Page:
We asked Andy Husbands about his decision to close Tremont 647 and move on to his next project.
So, I’m about 20 years into my old restaurant. I knew I wanted to do something different. It wasn’t that I wanted to reinvent myself. You guys know, try doing anything for 20 years. It was time. Five years ago, me and this guy partnered, and we were like, let’s do something together. We both admired each other, and had different strengths and skills. Originally we were thinking about doing a Japanese Izakaya. I love Japanese Izakaya, that’s what I’m going to do. It begs the question – what do you know about izakaya? About this much [holds thumb and index finger an inch apart]. I could make a couple dishes. There’s a lot of history and knowledge that you have to have. And time to learn.
My partner looked at me and was like “why are we not doing barbecue?” And I was like “I have never thought about opening a barbecue restaurant. Give me a couple days, let me do some research. Let me think about this.” And I came back, and I was like “I think I want to do it.” I didn’t want to…don’t know how to say this…I didn’t want to shit where I eat. My love of barbecue is so deep. I didn’t want to make it just a thing. Really wanted it to be special.
I didn’t want to do something I wasn’t passionate about. Just because I am passionate about izakaya, it just doesn’t mean I can cook it. I’m very passionate about barbecue. And I have been successful at it, and so, that’s how I get here. We knew we wanted to open up multiple units. And so now we’re working on our fourth unit. We couldn’t be prouder. It’s certainly a challenge every day, but, you know, that’s how you get here.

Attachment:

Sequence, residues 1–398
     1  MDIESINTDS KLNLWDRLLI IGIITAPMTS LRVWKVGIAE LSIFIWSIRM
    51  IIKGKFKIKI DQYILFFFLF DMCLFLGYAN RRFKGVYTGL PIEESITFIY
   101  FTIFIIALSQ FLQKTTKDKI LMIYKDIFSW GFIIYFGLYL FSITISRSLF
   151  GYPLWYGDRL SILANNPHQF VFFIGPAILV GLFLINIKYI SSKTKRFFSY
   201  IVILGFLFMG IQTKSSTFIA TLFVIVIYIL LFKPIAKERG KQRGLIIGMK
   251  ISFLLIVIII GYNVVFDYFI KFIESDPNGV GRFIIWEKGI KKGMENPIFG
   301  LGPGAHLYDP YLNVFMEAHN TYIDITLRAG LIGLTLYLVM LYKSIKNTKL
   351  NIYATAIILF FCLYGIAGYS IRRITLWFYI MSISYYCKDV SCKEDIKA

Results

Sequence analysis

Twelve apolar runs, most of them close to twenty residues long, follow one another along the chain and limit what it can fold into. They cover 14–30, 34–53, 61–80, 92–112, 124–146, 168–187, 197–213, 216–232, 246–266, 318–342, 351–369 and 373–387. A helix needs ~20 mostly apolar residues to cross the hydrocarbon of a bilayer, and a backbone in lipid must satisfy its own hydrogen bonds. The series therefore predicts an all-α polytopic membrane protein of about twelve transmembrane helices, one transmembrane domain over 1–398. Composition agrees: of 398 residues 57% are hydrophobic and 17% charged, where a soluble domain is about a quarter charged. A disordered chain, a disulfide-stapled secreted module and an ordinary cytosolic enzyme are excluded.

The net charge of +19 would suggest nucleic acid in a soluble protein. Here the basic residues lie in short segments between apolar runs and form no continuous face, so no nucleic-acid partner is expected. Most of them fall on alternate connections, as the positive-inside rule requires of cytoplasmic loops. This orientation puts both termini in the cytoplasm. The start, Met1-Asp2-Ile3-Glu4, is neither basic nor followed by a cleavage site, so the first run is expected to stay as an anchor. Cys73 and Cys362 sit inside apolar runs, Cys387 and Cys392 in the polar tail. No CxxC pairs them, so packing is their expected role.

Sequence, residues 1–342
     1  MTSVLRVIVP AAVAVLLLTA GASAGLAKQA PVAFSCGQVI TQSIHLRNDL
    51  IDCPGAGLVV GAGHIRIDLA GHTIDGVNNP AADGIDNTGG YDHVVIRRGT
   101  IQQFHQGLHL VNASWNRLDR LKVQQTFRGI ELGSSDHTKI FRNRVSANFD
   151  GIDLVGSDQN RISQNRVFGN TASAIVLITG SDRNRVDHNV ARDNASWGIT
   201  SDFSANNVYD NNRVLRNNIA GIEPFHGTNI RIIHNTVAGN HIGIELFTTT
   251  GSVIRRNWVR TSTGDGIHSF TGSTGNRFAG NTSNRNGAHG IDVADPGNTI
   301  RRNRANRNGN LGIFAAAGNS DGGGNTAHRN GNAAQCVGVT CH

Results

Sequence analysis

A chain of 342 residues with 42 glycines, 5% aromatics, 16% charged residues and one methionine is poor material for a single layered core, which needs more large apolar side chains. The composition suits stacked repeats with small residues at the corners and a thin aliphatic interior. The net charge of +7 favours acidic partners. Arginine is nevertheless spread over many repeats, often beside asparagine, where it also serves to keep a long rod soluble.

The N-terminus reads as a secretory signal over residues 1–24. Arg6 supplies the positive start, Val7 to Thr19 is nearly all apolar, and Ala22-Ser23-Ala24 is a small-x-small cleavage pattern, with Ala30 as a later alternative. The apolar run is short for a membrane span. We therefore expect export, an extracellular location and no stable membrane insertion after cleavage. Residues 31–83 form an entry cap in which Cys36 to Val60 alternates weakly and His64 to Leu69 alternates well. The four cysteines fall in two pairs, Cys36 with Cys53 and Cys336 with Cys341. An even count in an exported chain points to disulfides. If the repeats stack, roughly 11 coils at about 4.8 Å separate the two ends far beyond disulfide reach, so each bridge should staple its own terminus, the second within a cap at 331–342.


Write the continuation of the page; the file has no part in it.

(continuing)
It makes it hard when you’re passionate. You’re not too easy on yourself, are you?
I tried to explain to my younger employees that nobody’s telling me to go to work. I don’t have a schedule. And that’s a place that you earn, and you get to. It’s a passion. More than just barbecue. When I talk about barbecue, to be clear, I’m not just talking about smoking meats. I’m talking about hospitality, about a way of life. Barbecue is a noun, right? Not just a verb. It’s an event. I just love the process.
Focusing on Childhood Hunger
Tell me some of your thoughts about charity. You probably get ten asks a day. How do you determine what to support? How to support? And on the other side, what kind of support are you getting now that you’re in need?
Wow. Let me answer the latter question. A lot of the people who we’ve helped throughout the years have bought gift cards and helped promote us in different ways. Just because they’re charities, they don’t necessarily have any money either. They’ve been giving us a lot of support, promoting us, things like that. We’re always thankful for that partnership.
In the very beginning, I had partnered with Share Our Strength, which their hashtag is #nokidhungry. It made sense to me. I come from a family that was federally assisted at some point. Had the cheap school lunch. And I just think it’s important to give back.